Crop Surveillance, Disaster Relief, Entertainment and More: There’s a Drone for That

Digital Content Market

Drones have gained notoriety and infamy because of their use in military operations. But these unmanned aerial vehicles are no longer solely the domain of combat—everyone from farmers to film directors to e-commerce companies are using drones as their eyes in the sky.

And despite the fact that the civilian drone market is currently a regulatory nightmare, the market is still expected to grow at a CAGR of 28.01% from 2014-2019.


A big part of this growth can be chalked up to the growing number of ways that industries, companies and individual consumers are using drones.

Emerging uses for civilian drones:

Crop surveillance

Drones are equipped with technologies like sensors and infrared cameras that can enhance the speed and quality of crop surveillance. They can collect data on crop yield, weeds, and water shortage efficiently and quickly, which gives farmers a head start when dealing with issues like disease outbreaks. 

Oil and gas industry

Drones can easily and economically inspect thousands of miles of oil and gas transportation pipelines, which helps companies protect against the risk of fire and explosions caused by oil and gas leaks. Drones equipped with cameras and sensors can fly at low altitudes above the pipelines and send real-time information and images of the pipes, which can also be used for inspecting offshore oil platforms and tailing ponds.

Shell, for instance, uses drones in some of its energy plants in Europe to reach locations that are difficult to access.

Disaster relief operations

Drones are increasingly being used to detect and avoid hazardous environments and natural disasters. They can be used for search and rescue operations, crisis mapping, and to send relief packages and cargo into stricken areas.

In 2010, drones were deployed during the rescue operations after the earthquake in Haiti, and in 2011, they were used to measure the radiation following the Fukushima disaster.

These disaster relief drones can fly at low altitudes and send real-time information about the condition of the disaster areas. The images and information can help disaster relief workers evaluate the areas, send aid, and prioritize the rescue operations as per requirements, giving rescue workers a full view of the situation they’re about to tackle.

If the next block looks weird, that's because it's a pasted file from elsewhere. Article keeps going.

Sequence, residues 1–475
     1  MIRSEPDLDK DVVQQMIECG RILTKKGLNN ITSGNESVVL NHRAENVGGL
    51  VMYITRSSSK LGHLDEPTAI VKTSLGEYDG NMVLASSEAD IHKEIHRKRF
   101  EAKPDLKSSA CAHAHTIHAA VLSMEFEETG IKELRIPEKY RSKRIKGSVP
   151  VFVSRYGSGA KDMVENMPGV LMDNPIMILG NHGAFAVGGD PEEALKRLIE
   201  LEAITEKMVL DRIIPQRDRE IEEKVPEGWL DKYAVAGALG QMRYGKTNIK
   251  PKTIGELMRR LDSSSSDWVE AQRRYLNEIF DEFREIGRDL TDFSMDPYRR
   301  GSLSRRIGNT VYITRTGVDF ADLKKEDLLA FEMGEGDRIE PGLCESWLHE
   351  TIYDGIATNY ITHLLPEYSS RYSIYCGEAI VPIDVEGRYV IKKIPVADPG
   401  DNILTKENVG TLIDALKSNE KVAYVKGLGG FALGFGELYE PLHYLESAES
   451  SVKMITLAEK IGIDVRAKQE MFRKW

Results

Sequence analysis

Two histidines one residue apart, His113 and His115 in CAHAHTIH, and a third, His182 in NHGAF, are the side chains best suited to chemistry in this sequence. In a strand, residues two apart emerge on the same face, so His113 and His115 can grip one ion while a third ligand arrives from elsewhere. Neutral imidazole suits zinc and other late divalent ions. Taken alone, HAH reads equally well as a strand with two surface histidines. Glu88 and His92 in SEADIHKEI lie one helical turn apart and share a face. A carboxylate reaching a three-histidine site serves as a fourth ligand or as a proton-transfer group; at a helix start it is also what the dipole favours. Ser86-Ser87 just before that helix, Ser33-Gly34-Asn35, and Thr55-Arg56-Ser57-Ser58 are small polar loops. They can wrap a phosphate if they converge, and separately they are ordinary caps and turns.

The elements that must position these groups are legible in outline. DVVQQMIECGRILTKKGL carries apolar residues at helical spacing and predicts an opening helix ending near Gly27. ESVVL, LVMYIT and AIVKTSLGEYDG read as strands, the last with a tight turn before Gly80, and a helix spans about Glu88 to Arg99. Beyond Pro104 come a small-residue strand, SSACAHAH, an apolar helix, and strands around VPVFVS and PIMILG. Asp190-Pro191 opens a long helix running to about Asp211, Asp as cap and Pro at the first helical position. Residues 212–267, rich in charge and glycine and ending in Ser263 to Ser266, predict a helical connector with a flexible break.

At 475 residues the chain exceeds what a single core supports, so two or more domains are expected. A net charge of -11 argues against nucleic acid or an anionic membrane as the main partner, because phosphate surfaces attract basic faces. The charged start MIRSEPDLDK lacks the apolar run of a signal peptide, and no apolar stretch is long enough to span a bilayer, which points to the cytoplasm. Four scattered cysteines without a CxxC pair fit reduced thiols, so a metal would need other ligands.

Packages delivered by drones are no longer a thing of science fiction. Many e-commerce companies have started deploying drones to deliver packages to their customers. Alibaba ran a three-day trial for drone delivery packages to its customers through drones and DHL, a German logistics company, has started a drone delivery service that will carry medicine and other necessary materials to remote locations such as an island in Germany’s North Sea.

Amazon announced a while ago that it has every intention of introducing drone delivery to its growing roster of services. However, the e-commerce giant is still stuck in regulatory limbo, awaiting FAA approval for the service.

Wildlife conservation

Similarly to how drones can be used to monitor crops and oil rigs, they can also be used to keep an eye on remote wildlife conservation areas to prevent illegal trafficking of endangered species.

South Africa has already deployed drones to help curtail rhinoceros poaching, after nearly 1,215 animals were illegally killed in 2014.

On top of helping to stop illegal hunting, drones can also be used by scientists to track animals without interfering in their natural habitat.

Entertainment industry

The use of drones in film and media has been on the up and up ever since the FAA approved their use in the entertainment industry in 2014. It goes without saying that these UAVs can help filmmakers capture stunning aerial shots, and the film industry is starting to see more and more drones as a fixture on film sets.